One of my favorite things in the realm of storytelling is a haunted house. I’ve always been fascinated by the concept of ghosts and poltergeists. In real life, I’m pretty sure that I will never meet a vampire, but ghosts…they just always seem to be hiding just out of eyesight when I’m alone in the dark.
I’ve never actually seen a ghost, but my mom says that our cabin in the Sierra Nevada’s was haunted and that she has also seen demons and talked to angels. She’s been visited by dead relatives and she correctly predicted how many children I would have and their sexes. She did get the order wrong, though. That might have been an easy mix-up. My middle daughter has always been tiny, so Mom might have “seen” that my boy was older than his sister, just based on their height. Spooky. I guess the “mystic gene” didn’t pass down my way – supernatural beings have never deigned to speak to me.
Anyway, I adore this episode with my whole being. It’s practically perfect in every way. More on that later. I’ll also tell you about some of my favorite haunted house stories; so – dim the lights, light a few candles, and here we go.
The Road So Far
Adorably young Sam and Dean have just investigated most people’s least favorite subject and episode, “Bugs.” On a positive note, Dean told Sam that John was proud of Sam’s achievements and used to secretly check on his welfare while he was at Stanford.
Jenny and her cute children have moved into the rebuilt house in Lawrence, Kansas that used to belong to the Winchesters. Daughter Sari is afraid of something in her closet. Jenny discovers a bunch of old photographs that show John, Mary, Dean and Little Sammy. Meanwhile, Sam and Dean are in a motel when Sam wakes up from a dream about Jenny screaming for help. Sam decides that they must go back to Lawrence to investigate and Dean reluctantly agrees. Scary things happen, guest actors shine on, and let’s just get this review started – there are so many great things to talk about in this story.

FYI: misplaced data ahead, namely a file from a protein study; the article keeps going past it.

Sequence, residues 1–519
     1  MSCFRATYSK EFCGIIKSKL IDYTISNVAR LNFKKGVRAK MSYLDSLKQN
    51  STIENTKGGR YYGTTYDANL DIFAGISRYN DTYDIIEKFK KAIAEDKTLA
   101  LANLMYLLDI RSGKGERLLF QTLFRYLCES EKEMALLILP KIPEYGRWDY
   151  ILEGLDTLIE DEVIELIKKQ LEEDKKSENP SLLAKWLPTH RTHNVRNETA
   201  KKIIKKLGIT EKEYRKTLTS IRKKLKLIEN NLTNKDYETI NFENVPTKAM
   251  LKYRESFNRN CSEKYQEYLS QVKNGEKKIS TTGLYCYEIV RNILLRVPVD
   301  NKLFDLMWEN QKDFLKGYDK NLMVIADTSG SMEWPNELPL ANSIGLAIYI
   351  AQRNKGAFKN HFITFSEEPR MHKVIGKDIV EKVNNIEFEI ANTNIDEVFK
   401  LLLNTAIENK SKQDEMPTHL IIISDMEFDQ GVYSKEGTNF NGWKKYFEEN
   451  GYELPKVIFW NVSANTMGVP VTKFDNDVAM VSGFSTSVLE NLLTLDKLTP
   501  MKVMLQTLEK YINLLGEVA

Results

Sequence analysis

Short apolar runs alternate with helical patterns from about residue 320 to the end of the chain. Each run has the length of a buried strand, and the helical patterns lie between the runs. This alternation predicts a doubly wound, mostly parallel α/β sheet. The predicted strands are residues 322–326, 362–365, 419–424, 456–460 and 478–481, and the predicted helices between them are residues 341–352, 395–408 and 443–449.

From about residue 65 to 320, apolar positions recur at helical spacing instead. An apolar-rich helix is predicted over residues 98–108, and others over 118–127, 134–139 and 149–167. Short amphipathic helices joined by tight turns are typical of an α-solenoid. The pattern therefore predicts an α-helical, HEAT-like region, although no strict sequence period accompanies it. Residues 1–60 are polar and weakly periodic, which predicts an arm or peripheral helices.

If I were more poetically inclined, I’d write an ode to this episode. If I hadn’t been hooked on Supernatural so far, this episode would have cemented my love and devotion. Eric Kripke wrote this episode and I’m giving him a Mallena Emmy for Outstanding Writing in a Television Show. (I’m still working on smelting the ore to create the award, itself.) The opening with Jenny in Lawrence is terrific, plus we get our boys in a motel room while Sam is having one of his spooky moments that Dean doesn’t know how to handle very well, yet. Dean is even more disturbed to find out that Sam had dreamed of Jessica’s death before she died. I love the emotions that our boys are displaying here. Dean is clearly upset and miserable about the thought of returning to that house where his happy life ended, and so many of his traumatic experiences began. Sam is compulsively drawing a particularly scary tree and is so determined to help the family in danger and to find some clues to his troubles.
After arriving in Lawrence, Sam and Dean knock on the door of their old house. Sam tells Jenny that they used to live there and seeing their sweet, trustworthy faces – she lets them in and shows them around. The casting of this episode is very nice. I really like the actors playing Jenny and the children. The boy playing Ritchie is cute, but seems a little old to be in a playpen. My kids hated being confined to anything (car seat, high chair, crib, etc.) for very long and by one year old, they were running and climbing all over. Of course, we also get the fantastic character of Missouri, as played by Loretta Devine. Some folks seem to feel that Missouri is too mean to our boy Dean, but I kind of understand where that is coming from. Missouri is psychic and can see into the relationship of the brothers. She knows that Sam is vulnerable and worried and that he needs softness and a little motherly love. She can also see that Dean is way too cocky for his own good and needs to get serious about the massive issues that he and Sam have – not just with each other and their family, but everything supernatural that is always going to try to destroy them. Dean acting like he’s in charge and knows everything all the time is not a good thing, as we will see much evidence of going forward. Maybe Missouri sees that Dean needs a little tough love from her.